Rohan S. | BlueStamp Engineering

Rohan S.

Self Adjusting Socket for Ratchet

When using a ratchet, it is infuriating to find different sockets to use on different bolts. Using an adjusting socket saves time an effort as people do not need to search for a specific socket.
Engineer School Area of Interest Grade
Rohan S.
Fremont High School
Mechanical Engineering
Incoming Junior


For my final milestone, I finished assembling everything and mounted all my parts together using 3D printed parts that I designed. I also configured some buttons on my PCB.


My first step during this milestone was designing brackets that would hold the multiple pieces of my project together. I designed one circular bracket over here which holds the ratchet onto the chuck. This L bracket over here is what holds the motor on the chuck. The 3D printed parts were not too hard to design on Solid Works but it was slightly annoying to make sure I had precise measurements so my brackets would fit well. I also had to make sure that my brackets would structurally be strong because the force would be being applied to them from the motor. After breaking about 8 brackets, I somewhat perfected the design. During this milestone, I also resoldered everything onto a new PCB to make everything neater. Additionally, I decided to add buttons so I can control when I want the jaws of the chuck to retract or enclose. To code the buttons, I created a state machine, which is essentially an organized way to write my code. There are pretty much 3 states which my motor can be in. The first state that my motor starts in is nothing moving at all. The second state is when one of the buttons is pressed and the jaws contract. The third state is the motor stops once the jaws tighten around a nut or a bolt and a current is sensed. To return to the first step the other button can be held and the jaws of the chuck will retract.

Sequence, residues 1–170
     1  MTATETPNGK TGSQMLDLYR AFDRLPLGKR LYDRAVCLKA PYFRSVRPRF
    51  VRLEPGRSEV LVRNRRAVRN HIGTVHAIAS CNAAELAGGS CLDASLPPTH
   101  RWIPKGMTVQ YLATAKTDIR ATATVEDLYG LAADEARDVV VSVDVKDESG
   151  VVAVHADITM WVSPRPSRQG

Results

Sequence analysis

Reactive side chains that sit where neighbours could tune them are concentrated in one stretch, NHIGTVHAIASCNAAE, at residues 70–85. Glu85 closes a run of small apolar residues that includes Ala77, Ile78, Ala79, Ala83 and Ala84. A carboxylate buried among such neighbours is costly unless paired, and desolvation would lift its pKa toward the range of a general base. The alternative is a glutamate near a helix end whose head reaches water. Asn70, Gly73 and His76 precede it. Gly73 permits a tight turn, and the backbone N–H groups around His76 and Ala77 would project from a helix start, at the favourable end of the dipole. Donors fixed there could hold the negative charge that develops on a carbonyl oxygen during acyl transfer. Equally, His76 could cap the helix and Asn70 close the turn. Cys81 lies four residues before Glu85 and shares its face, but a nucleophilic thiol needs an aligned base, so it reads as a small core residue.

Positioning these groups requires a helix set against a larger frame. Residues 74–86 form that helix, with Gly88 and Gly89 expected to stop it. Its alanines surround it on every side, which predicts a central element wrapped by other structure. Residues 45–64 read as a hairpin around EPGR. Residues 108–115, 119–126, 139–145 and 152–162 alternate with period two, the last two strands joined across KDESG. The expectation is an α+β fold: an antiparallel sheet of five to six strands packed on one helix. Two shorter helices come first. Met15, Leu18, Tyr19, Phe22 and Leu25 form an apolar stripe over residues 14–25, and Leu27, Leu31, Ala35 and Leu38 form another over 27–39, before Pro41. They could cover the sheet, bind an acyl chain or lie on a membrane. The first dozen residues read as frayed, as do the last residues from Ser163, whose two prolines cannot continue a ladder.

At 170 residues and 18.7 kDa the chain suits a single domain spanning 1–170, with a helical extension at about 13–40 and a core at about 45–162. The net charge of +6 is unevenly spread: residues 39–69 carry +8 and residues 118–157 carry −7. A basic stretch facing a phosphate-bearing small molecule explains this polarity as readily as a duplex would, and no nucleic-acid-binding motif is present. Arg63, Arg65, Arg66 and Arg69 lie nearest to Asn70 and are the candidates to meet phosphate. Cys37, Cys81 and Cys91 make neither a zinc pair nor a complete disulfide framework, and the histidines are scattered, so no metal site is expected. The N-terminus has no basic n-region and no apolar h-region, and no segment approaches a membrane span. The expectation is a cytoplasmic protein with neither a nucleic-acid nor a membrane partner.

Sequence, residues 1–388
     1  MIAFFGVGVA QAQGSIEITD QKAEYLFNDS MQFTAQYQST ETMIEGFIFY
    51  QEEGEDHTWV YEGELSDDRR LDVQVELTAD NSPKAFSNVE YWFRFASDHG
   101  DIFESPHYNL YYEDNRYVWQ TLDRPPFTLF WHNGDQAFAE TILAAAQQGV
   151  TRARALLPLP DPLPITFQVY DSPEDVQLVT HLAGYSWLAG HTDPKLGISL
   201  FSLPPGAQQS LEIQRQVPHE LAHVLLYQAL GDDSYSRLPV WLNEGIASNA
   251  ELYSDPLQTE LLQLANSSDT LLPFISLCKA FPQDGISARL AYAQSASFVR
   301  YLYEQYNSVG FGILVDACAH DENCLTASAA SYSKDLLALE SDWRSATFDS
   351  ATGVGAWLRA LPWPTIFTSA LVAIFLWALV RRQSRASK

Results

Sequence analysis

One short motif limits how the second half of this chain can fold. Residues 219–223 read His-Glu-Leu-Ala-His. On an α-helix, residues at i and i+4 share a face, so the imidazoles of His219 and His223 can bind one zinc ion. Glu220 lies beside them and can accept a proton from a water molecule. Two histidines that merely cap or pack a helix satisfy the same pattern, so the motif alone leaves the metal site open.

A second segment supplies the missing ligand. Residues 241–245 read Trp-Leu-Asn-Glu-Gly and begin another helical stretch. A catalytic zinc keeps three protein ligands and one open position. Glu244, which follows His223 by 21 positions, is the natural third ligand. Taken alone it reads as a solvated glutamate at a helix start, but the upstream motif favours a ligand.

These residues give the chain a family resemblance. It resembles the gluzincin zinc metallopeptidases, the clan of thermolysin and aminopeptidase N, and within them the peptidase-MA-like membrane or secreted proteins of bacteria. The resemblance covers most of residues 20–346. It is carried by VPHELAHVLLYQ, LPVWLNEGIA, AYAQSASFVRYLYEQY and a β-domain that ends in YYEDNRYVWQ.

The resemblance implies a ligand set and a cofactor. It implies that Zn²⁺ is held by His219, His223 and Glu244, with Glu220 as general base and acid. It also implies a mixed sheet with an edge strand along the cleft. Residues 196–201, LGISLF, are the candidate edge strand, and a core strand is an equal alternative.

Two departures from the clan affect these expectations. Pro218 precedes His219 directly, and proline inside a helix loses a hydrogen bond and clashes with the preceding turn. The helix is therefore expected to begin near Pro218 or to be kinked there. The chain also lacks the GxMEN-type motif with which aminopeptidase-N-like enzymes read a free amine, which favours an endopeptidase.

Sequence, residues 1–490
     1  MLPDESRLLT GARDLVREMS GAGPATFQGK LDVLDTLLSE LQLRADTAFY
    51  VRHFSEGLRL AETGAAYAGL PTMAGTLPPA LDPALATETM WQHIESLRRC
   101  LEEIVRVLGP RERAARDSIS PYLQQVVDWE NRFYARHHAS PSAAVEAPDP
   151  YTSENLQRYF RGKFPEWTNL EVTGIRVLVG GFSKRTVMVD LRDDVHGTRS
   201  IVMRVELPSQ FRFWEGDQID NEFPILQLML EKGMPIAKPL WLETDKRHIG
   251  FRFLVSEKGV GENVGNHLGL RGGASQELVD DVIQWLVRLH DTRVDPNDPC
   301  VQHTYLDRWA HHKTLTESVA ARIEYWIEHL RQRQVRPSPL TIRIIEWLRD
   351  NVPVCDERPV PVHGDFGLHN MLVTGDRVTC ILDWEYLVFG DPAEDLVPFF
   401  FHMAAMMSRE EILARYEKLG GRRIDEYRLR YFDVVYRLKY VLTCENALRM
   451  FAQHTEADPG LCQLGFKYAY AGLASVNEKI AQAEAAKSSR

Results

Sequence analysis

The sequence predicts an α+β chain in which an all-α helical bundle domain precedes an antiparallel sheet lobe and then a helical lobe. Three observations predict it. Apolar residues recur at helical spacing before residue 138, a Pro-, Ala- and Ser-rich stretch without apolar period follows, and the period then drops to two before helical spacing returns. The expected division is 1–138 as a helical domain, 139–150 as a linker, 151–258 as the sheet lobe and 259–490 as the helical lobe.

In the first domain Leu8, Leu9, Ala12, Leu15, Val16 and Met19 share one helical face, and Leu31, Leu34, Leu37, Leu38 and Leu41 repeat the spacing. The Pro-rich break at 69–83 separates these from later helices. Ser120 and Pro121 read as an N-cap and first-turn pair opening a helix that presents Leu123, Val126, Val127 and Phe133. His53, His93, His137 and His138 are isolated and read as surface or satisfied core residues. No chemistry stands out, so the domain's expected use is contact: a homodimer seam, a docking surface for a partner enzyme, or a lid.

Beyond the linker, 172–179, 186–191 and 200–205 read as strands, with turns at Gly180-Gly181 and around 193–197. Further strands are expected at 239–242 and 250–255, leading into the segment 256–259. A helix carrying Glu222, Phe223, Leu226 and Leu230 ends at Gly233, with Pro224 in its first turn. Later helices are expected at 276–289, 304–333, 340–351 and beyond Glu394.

My second milestone is transferring to using a smaller Arduino and motor driver, putting everything onto a PCB, switching to a larger motor, and getting a new chuck.


My first step during this milestone was assembling my plastic chuck that was 3D printed. After long hours of trying to fit the different pieces together by sanding and using the dremel, the chuck ended up not working. It was extremely difficult to get the 3D printed parts to move smoothly with each other. I had to vigorously file the parts for long periods of time and the majority of the parts ended up fitting but significant components that would actually make the chuck work didn’t such as the jaws. Instead, we got a metal chuck which worked really well. My next step was wiring my new arduino to a smaller motor driver on a breadboard. I also had to write new code to accommodate the new components. Luckily everything worked the first try. I then soldered all the new components onto a PCB. I finished off soldering my new motor on. I had to figure out how to attach my motor onto my new chuck, so I decided to use CAD to design a part that would work. I printed two versions of them. This is how it looks and the other one is inside this blue adapter which goes onto the motor.